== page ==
Why Jesus-ing Harder Doesn’t Work.

In every case, evangelicals consider fervor itself as the solution to every single problem in humanity. There’s a reason why.

Christians have a lot of trouble accepting the idea of a fellow Christian who believes all the correct doctrines with exactly the correct level of intense fervor (which means an idealized version of themselves) and yet still commits despicable acts of hypocrisy. That situation shouldn’t ever happen! And yet it does, constantly.

There’s a reason for that, too.

Since nothing in Christianity tethers to reality, there’s no mechanism leading from intense belief to actions. Fervor is evangelicals’ pixie dust.

Perhaps that total lack of connection to reality leads evangelicals to demand busy-work full of magical thinking in order to bring about big sweeping changes to themselves and their groups. Indeed, no mechanism leads anyone from The Love Dare and its busy-work assignments to a harmonious, mutually-fulfilling relationship.

The authors admit that fact too, by the way. They demand a conversion to TRUE CHRISTIANITY™ midway through the assignments. To sell the demand, they tell readers that without fervor, nobody can possibly hope to have a happy marriage. But not once in the book did I see any explanation for how that works.

The Prediction That Failed the Hardest.

The Internet Monk hoped fervently for “a vital and growing house church movement,” and by that phrase I assume he means home churches that Jesus the Jesus-Jesus the way he preferred. He hoped for a new wave of evangelicals who learned from past mistakes and cared about what the Bible said their imaginary friend wants from them. In his “What will be left?” section, he even writes about this Remnant:

A small band will work hard to rescue the movement from its demise through theological renewal. This is an attractive, innovative, and tireless community with outstanding media, publishing, and leadership development.

Yikes. Weird how Christians always seem to know exactly what “theological renewal” will mean, isn’t it? His version is obviously the correct one. Jesus is so lucky he came along!

our denomination set things aright
Saji George, “Tom’s Doubts #14.” (Sept 2011) Obligatory.

Still, that hasn’t happened — nor will it. None of it.

At least, not on any greater scale than it already has. Evangelicals haven’t cared about this stuff up to now, so I don’t see them magically noticing it anytime soon.

Not What the Flocks Signed Up For.

Within Christianity, we’ve always found a few odd ducks who weren’t like the others. That’s inevitable, given how many quirky, weird li’l takes on the religion there can be and how many believers there are. Almost every Christian alive is certain that their quirky, weird li’l take on the matter is the correct one, naturally. (See obligatory cartoon, above.)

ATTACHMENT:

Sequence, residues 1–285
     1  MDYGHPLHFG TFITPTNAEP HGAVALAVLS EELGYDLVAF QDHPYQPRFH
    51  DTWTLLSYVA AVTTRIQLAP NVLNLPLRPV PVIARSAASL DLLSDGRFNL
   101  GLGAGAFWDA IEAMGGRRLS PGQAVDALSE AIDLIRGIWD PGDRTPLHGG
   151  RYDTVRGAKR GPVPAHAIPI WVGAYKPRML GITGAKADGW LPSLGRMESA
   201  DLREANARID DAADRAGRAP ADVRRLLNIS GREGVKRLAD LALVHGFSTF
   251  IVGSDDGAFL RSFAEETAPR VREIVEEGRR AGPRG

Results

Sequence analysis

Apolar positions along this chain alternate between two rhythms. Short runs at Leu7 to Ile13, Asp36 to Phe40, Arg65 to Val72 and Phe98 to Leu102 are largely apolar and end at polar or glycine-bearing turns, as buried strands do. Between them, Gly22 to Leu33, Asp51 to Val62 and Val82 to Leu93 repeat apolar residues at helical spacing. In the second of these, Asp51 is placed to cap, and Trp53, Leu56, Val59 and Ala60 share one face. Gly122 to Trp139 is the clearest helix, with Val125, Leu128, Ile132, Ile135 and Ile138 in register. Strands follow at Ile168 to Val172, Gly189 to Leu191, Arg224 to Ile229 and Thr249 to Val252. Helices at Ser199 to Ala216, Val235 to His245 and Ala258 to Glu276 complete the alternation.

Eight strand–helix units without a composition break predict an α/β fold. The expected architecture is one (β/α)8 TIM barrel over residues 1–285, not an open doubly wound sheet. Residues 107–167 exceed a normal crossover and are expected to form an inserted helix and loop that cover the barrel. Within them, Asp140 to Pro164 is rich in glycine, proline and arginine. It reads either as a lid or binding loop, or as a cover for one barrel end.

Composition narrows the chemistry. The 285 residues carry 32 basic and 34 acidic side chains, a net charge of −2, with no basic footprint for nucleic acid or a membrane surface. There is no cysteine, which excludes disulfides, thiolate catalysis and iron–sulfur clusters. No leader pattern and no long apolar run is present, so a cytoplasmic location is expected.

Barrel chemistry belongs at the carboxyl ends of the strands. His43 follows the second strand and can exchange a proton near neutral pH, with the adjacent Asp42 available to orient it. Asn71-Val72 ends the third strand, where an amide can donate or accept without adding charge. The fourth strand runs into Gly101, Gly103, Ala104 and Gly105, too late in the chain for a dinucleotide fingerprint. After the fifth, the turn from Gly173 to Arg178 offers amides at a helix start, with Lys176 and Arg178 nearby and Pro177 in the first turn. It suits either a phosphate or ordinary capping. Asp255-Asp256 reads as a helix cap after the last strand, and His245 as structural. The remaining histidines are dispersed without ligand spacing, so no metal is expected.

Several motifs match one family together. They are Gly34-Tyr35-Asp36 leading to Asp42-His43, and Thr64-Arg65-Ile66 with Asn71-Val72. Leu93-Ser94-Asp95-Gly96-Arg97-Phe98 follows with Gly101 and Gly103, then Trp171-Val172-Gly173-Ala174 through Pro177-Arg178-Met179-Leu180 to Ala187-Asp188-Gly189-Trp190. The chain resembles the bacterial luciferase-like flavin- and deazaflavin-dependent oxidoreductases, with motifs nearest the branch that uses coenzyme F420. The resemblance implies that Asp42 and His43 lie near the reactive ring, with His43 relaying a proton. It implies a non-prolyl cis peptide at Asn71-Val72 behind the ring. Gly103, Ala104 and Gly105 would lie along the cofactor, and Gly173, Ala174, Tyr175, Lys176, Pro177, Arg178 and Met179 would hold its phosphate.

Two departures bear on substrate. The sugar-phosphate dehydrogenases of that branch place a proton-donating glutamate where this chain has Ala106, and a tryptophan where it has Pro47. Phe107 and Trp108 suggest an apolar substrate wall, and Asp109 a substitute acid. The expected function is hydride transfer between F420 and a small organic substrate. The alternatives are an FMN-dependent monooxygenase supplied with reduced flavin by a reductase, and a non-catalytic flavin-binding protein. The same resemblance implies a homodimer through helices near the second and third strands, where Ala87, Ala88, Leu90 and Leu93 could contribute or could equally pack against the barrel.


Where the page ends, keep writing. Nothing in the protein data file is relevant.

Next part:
Evangelicalism is no different. There’ve always been some evangelicals who rejected the culture wars and tried to be more decent-hearted than their peers in the sheepfold. Rachel Held Evans was one of those odd ducks, before the tribe ran her off. Jen Hatmaker may face the same fate.

However, these few names and church groups have utterly failed to move the needle on evangelicalism. (Here’s why.) In fact, evangelicals have gotten considerably worse-behaved and more hypocritical since the Internet Monk made his predictions in 2009. And I think his hopes will never come to pass because the flocks have made crystal-clear that they just don’t want to do any of that kinder-gentler stuff.

Evangelicals don’t join their groups to work or to sacrifice anything dear to themselves. They join up for a lot of reasons, but almost all of them are selfish and personal in nature. That has always been so, and it will continue to be so.

What’ll Really Happen.

Since we’re on the topic of predictions anyway, here’s what I think will happen to evangelicalism and evangelicals:

  • They’ll continue to bleed members — that process probably won’t bottom out for a few more years.
  • Sex scandals will continue to erupt within their ranks, and these scandals will get more and more serious.
  • Evangelicals’ credibility will continue to tank utterly, due mostly to their hypocrisy and their scandals.
  • They’ll unfortunately continue to hold much more political power than they should, but that will stop eventually — once they consistently fail to deliver votes to their pandering, purchased politicians.
  • The judicial power part will be a problem for a longer time. But not forever.
  • Conspiracy nutters will get worse. But remember, their groups all bleed members all the time — while younger people walk away in greater and greater numbers every generation.
  • Not one reputable research group will give evangelicals a single chance of regaining their onetime dominance. None do now, but none will in the future, either. Chances are very good that we’ll learn they were way too generous in estimating the decline.
  • Give it about ten years, maybe 20, and people will be viewing SBC-style fundagelicals with the same disdain and pity that they offer to Appalachian snake handlers. And they will be very nearly as irrelevant to our culture as their fringe-dwelling cousins are now.

In other words, it’s fairly good news as I see it.

Hang in there, friends. The signs are there. The writing’s on the wall. Narcissists and authoritarians alike tend to act out worse as their power declines, which is indeed what we’re seeing nowadays. But it won’t — can’t — last forever. They just don’t have the numbers anymore to maintain this latest cultural assault for long.

NEXT UP: Lord Snow Presides! And then, I think we’ll check out an ethics question that rocked a certain Christian subreddit recently.

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ROLL TO DISBELIEVE "Captain Cassidy" is Cassidy McGillicuddy, a Gen Xer and ex-Pentecostal. (The title is metaphorical.) She writes about the intersection of psychology, belief, popular culture, science,...